Gravesv.Graves

Supreme Court of VirginiaApr 21, 1952
193 Va. 659 (Va. 1952)
193 Va. 65970 S.E.2d 339

39238 Record No. 3913.

Decided: April 21, 1952.

Present, All the Justices.

(1) Husband and Wife — Rights, Duties and Liabilities Inter Se — Right of Husband to Select Place of Abode.

(2) Divorce and Alimony — Grounds for Divorce — Refusal of Wife to Live with Husband at Changed Place of Abode.

(3) Divorce and Alimony — Evidence — Corroboration — Question of Fact.

(4) Divorce and Alimony — Evidence — Corroboration — Unnecessary as to Every Essential Charge.

(5) Divorce and Alimony — Evidence — Corroboration — Need Not Prove Grounds When Standing Alone.

(6) Divorce and Alimony — Evidence — Corroboration — General Rule.

(7) Divorce and Alimony — Evidence — Corroboration — Object of Code Section 20-99.

(8) Divorce and Alimony — Evidence — Corroboration — Sufficiency of Corroboration.

1. While the relation of husband and wife had been modified in many respects by statute, a husband still has the right to select the place of abode and a wife must acquiesce in such selection, provided the decision of the husband is not unreasonable, arbitrary and unjust, and not used as a means of procuring a dissolution of the marital relation.

2. If the husband changes his place of abode and the wife, without legal excuse, refuses to live there with him, such refusal constitutes desertion on her part.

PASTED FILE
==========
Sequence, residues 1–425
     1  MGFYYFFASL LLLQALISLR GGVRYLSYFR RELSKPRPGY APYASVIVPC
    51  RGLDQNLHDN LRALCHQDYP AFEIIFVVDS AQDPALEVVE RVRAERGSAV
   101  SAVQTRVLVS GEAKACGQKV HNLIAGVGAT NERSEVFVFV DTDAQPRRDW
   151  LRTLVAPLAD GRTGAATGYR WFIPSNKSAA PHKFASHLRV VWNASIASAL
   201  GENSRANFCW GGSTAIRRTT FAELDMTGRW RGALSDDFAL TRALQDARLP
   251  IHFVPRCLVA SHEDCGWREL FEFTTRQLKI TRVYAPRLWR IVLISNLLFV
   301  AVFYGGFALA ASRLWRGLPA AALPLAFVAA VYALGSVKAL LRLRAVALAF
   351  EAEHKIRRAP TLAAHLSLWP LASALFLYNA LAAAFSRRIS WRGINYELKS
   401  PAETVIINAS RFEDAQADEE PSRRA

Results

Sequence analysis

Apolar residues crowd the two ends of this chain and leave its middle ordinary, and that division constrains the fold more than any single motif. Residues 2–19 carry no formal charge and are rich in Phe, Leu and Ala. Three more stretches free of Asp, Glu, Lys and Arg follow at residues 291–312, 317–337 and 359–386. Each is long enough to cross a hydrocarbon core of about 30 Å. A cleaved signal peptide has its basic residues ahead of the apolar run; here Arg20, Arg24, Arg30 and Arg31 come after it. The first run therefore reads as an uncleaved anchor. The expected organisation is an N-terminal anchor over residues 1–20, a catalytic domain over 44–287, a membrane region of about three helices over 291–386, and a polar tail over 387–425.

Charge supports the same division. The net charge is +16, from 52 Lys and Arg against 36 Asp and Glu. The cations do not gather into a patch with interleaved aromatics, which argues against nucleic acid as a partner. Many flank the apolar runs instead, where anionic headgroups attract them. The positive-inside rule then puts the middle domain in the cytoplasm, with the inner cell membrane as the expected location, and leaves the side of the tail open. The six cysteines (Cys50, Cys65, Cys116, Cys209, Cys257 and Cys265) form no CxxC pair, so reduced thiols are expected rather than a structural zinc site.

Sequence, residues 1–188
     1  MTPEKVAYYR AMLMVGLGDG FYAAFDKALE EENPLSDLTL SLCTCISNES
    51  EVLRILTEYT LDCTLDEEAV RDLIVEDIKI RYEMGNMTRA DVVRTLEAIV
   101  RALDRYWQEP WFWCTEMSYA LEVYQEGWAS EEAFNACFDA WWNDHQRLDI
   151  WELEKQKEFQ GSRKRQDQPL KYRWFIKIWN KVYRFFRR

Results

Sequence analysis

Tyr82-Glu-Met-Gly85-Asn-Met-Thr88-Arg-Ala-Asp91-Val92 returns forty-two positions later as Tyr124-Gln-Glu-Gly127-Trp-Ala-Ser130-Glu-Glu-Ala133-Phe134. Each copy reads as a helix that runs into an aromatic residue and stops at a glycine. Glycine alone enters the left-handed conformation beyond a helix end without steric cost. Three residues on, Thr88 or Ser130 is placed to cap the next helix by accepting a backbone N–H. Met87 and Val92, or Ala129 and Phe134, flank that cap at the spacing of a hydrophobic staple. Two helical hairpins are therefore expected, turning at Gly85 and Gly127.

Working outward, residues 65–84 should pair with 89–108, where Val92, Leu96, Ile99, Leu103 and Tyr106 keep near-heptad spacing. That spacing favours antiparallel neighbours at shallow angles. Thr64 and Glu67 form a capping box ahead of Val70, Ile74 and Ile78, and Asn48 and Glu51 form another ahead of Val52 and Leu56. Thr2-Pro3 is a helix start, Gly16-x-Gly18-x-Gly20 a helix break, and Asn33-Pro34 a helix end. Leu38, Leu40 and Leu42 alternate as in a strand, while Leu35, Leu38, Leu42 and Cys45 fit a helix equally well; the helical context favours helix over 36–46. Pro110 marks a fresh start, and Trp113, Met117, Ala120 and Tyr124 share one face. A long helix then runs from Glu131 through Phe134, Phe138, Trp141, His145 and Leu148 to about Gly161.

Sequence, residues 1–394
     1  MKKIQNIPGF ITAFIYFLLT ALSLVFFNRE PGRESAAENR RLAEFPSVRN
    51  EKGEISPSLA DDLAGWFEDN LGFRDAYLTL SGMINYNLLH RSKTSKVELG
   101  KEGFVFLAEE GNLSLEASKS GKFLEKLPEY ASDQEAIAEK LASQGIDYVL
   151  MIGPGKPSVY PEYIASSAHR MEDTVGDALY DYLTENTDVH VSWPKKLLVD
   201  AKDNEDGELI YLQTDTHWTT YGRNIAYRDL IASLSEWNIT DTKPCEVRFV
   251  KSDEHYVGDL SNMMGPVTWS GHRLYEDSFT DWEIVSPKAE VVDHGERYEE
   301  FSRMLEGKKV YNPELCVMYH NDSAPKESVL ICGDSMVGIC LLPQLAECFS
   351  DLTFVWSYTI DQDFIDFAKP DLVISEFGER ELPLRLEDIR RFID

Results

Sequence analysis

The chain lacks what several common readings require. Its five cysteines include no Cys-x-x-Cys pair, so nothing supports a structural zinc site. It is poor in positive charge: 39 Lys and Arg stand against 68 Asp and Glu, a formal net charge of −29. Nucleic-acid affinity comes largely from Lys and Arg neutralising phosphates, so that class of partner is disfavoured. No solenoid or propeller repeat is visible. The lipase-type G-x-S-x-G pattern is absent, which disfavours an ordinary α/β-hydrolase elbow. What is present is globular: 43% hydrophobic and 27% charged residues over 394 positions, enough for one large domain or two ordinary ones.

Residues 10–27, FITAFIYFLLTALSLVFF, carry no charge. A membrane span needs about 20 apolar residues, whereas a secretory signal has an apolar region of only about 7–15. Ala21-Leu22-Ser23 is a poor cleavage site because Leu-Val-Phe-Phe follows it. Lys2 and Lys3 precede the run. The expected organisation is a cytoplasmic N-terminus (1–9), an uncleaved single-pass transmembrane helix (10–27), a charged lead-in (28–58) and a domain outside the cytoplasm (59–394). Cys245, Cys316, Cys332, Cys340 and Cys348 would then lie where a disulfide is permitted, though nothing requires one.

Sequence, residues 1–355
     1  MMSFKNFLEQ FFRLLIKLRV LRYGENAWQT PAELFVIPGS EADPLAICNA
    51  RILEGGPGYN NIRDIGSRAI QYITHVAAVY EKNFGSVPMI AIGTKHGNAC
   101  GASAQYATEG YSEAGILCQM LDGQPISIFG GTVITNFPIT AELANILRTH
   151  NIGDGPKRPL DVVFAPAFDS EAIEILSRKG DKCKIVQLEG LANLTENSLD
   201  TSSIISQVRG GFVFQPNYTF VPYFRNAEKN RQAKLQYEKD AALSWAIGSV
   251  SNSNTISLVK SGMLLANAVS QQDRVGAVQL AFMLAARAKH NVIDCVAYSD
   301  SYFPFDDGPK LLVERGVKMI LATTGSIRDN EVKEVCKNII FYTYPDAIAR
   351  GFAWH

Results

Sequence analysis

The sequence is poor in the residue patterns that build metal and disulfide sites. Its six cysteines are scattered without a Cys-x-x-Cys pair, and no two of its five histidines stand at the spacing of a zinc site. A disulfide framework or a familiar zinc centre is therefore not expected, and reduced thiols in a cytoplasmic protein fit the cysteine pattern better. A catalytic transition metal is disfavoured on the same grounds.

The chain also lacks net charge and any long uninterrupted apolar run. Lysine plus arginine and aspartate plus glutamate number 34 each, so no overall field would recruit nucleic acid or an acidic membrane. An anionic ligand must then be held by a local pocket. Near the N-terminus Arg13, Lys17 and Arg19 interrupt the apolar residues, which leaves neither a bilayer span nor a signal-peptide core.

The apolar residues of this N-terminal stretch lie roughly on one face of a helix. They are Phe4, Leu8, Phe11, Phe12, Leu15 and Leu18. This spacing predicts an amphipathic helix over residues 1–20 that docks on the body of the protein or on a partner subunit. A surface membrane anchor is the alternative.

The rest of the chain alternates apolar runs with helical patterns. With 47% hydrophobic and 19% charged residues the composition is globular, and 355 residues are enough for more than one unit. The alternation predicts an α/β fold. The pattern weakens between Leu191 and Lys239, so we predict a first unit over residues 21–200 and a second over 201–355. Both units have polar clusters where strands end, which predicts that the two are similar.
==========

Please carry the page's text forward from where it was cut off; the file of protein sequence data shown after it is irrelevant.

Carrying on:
3. In a suit for divorce, the question of corroboration is one of fact, the decision of which in each case depends upon the particular facts of that particular case.

4. In a suit for divorce, it is not necessary that the testimony of the complaining spouse be corroborated on every element or essential charge stated as a ground for divorce.

5. In a suit for divorce, the corroborative testimony need not be sufficient, standing alone, to prove the alleged ground for divorce.

6. In a suit for divorce, the general rule is that where a particular fact or circumstance is vital to complainants case, some evidence of the same, in addition to the complainant's own testimony, is essential.

7. The main object of the provision of Sec. 20-99 of the Code of 1950, requiring corroboration, is to prevent collusion and where it is apparent that there is no collusion, the corroboration needs to be only slight.

8. Appellee was awarded a divorce from his wife, appellant, upon the grounds of desertion. Appellant contended that there was no corroboration of appellee testimony, hence the evidence was insufficient to support his charge of desertion. But the uncontradicted testimony of appellee, and the testimony of his corroborating witnesses were sufficient to support the decree of the trial court, and that contention was without merit.

Appeal from a decree of the Circuit Court of Brunswick county. Hon. J. Jordan Temple, judge presiding.

Affirmed.

The opinion states the case.

B. A. Lewis, for the appellant.

Emerson D. Baugh, for the appellee.


Hester Hicks Graves, appellant, obtained this appeal from a decree granting her husband, Thomas T. Graves, a divorce on the ground of desertion. Appellant's only contention is that there was no corroboration of appellee's testimony, hence the evidence was insufficient to support his charge of willful desertion.